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Math as the ultimate science

  1. Jul 19, 2012 #1
    Hello!

    I wonder if math is the ultimate science, it is possible, and the at the same time, to represent/predict, eg. the behaviour of a material to the light, the metabolism of a drug after injections, the chemical structure of a molecule, the function of an electronic circuit, etc with just a bunch of math!

    What is your opinion?

    PS: Please note i am not native english speaker, so pardon me for the chanchea a term i use is not accurate or appropriate
     
  2. jcsd
  3. Jul 19, 2012 #2
    Yes, we can do all of those things. Mathematical modelling is nothing new.
     
  4. Jul 19, 2012 #3

    arildno

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    Maths can't predict what physical laws actually exist, because strictly consistent mathematics can be constructed that, if regarded as a model of the universe, is totally in violation of known physical laws.

    But, there is no particular reason to suspect that the "ultimate laws" of the universe cannot be mathematisizable in some form or shape.
     
  5. Jul 19, 2012 #4
    Hmmm. Here is an idea that might provoke some intersting reactions, but I state in the clearest terms that, in this case, I am merely the messenger. In any case, a British acedemic I once spoke to told me that at his college, maths was classified as a humanity. When I scoffed at the very idea, he gave a very clear and lucid argument as to why it was unarguably the case that maths is a humanity. Sorry, I can't reproduce or even give the hint of his argument - it is all too long ago. But still, for him it was clear that, not only is maths not a science, it is a humanity.
     
  6. Jul 19, 2012 #5

    arildno

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    Maths is a game of logic, a form of art, in my opinion.
     
  7. Jul 19, 2012 #6
    I don't think math, itself, is a science, but it is the ultimate tool of science. All math is counting of one form or another; keeping track of quantities under various conditions. By focusing exclusively on what can be quantified about a given phenomenon science attempts to make objective statements about it that others can check.
     
  8. Jul 19, 2012 #7
    can Mathematical Modelling be a single science sector? or it is always part of the science it serves, eg mathematical modelling in chemistry, mathematical modelling in engineering, etc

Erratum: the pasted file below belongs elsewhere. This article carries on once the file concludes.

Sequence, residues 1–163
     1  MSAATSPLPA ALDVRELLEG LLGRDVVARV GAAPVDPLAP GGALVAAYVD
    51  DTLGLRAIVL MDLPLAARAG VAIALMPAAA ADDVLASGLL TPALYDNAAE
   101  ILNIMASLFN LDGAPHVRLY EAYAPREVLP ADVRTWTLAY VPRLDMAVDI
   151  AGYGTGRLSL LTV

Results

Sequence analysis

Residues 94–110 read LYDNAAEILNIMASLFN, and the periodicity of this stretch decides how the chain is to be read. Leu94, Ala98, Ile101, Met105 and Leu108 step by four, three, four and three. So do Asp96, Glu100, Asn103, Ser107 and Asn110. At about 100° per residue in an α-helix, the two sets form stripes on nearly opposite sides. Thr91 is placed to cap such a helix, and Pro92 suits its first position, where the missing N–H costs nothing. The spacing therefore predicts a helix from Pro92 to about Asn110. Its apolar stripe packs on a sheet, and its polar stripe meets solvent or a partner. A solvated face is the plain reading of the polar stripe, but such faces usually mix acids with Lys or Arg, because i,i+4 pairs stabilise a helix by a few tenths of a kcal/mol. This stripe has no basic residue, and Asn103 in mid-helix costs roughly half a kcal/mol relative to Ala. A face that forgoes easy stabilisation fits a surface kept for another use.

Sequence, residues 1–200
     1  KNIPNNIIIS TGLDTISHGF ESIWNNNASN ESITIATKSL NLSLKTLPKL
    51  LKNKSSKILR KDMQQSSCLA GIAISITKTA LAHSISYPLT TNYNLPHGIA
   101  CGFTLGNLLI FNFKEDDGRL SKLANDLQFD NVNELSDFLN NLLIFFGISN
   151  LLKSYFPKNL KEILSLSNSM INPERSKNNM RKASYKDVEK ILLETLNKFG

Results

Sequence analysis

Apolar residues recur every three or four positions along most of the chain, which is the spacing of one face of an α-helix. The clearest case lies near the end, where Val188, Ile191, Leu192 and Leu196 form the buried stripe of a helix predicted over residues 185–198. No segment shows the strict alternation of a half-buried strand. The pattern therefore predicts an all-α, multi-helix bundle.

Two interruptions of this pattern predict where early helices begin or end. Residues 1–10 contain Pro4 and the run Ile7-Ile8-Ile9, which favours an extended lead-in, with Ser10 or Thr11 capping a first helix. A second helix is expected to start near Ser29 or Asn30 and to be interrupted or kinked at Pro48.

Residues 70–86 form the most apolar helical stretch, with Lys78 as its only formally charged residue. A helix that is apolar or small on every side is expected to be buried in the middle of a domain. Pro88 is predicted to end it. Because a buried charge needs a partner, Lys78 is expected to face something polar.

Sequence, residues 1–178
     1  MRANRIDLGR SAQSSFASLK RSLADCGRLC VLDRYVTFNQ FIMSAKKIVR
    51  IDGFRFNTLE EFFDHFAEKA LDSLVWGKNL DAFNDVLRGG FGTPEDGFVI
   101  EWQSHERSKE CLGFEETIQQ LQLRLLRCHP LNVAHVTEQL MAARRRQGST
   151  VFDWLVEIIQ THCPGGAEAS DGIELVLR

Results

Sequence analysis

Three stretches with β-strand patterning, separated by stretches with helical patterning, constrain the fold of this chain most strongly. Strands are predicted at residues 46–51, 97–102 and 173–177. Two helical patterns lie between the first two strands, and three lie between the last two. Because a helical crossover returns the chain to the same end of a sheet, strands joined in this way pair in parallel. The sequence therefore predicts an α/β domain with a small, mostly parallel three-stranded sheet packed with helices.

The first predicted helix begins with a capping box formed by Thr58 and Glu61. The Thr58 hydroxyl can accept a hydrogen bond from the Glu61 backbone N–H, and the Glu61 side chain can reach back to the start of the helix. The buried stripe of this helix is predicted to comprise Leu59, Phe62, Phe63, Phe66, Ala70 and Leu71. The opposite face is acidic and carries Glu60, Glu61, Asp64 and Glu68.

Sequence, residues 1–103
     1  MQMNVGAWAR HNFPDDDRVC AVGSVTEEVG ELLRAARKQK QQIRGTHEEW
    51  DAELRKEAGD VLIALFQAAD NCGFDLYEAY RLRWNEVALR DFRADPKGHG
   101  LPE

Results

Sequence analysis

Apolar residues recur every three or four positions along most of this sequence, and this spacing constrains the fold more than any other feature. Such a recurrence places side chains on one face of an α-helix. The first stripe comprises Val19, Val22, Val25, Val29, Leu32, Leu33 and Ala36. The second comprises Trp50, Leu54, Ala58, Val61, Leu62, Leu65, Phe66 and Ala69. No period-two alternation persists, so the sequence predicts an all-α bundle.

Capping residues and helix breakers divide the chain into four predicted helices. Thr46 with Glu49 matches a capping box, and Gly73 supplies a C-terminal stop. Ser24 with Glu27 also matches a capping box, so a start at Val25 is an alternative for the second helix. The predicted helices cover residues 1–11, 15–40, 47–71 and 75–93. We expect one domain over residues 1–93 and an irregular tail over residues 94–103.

because if Mathematical Modelling can stand as a unique science, with its study material, resources, etc, I am interested to follow it

    thanks
     
  9. Jul 19, 2012 #8

    BobG

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    I think zoobyshoe hit on the relationship between math and science.

    Math is to science what a balance scale is to chemistry, what a balance scale is to physics, what a balance scale is to medicine, what a balance scale is to nutrition and dieting, what a balance scale is to postalry, what a balance scale is to illicit drug dealing. Damn! That started out as an analogy, but you can use those things for nearly anything!

    Of course, come to think of it, you can use math for nearly anything, too!
     
  10. Jul 19, 2012 #9

    Pythagorean

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    1+1 = 2 is meaningless without a qualitative assignment. For example, one of the following statements is wrong:

    1orange + 1apple = 2fruits
    1apple + 1orange = 2 apples
    1apple + 1apple = 2 apples

    Science qualifies quantities, which complicated the assessment of truth statements with definitions and convention. Science is mathematics+philosophy (generally empirically based philosophies)
     
  11. Jul 19, 2012 #10
    Math isn't science. Science is an application of inductive logic. Math is an application of deductive logic.
     
  12. Jul 19, 2012 #11
    I don't think maths is a science at all.

    I think you need to distinguish pure maths and the use of maths to model some empirical data. For example, I think that 1+1=2 is perfectly meaningful in a purely abstract sense in an axiomatic system. The application of maths to the real world is philosophically a bit more confusing, but it seems to work very well.

    I also disagree with previous posts that we can somehow discover some fundamental laws through mathematics. We can construct models of the world through mathematics, but we are not "discovering" some "law" in my opinion.
     
  13. Jul 20, 2012 #12

    BobG

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    This is true.

    With enough epicycles and deferrents, people were able to make the Ptolemaic model of the solar system work (geocentric with circular orbits). With enough epicycles and deferrents, people were able to make the Copernican model of the solar system work (heliocentric with circular orbits).

    Both models were wrong, but the math still worked well enough in both that you could predict the future locations of the planets.
     
  14. Jul 20, 2012 #13

    chiro

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    We need language to make sense of the world. We first need a capacity to describe it, and we also need a way to break it down and divide it and bring things together.

    Mathematics is the best way to do this for science because it provides something that all scientists can agree on as well as a lot of tools for actually analyzing and synthesizing data and concepts.

    It's the best thing we've got, is universal, is something that people agree on, and is powerful in terms of an analytic and descriptive capacity and thus is the preferred choice amongst scientists, analysts, and people in general for this kind of thing.
     
  15. Jul 20, 2012 #14
    as for mathematical modelling, are there any principles, any textbooks, etc?
     
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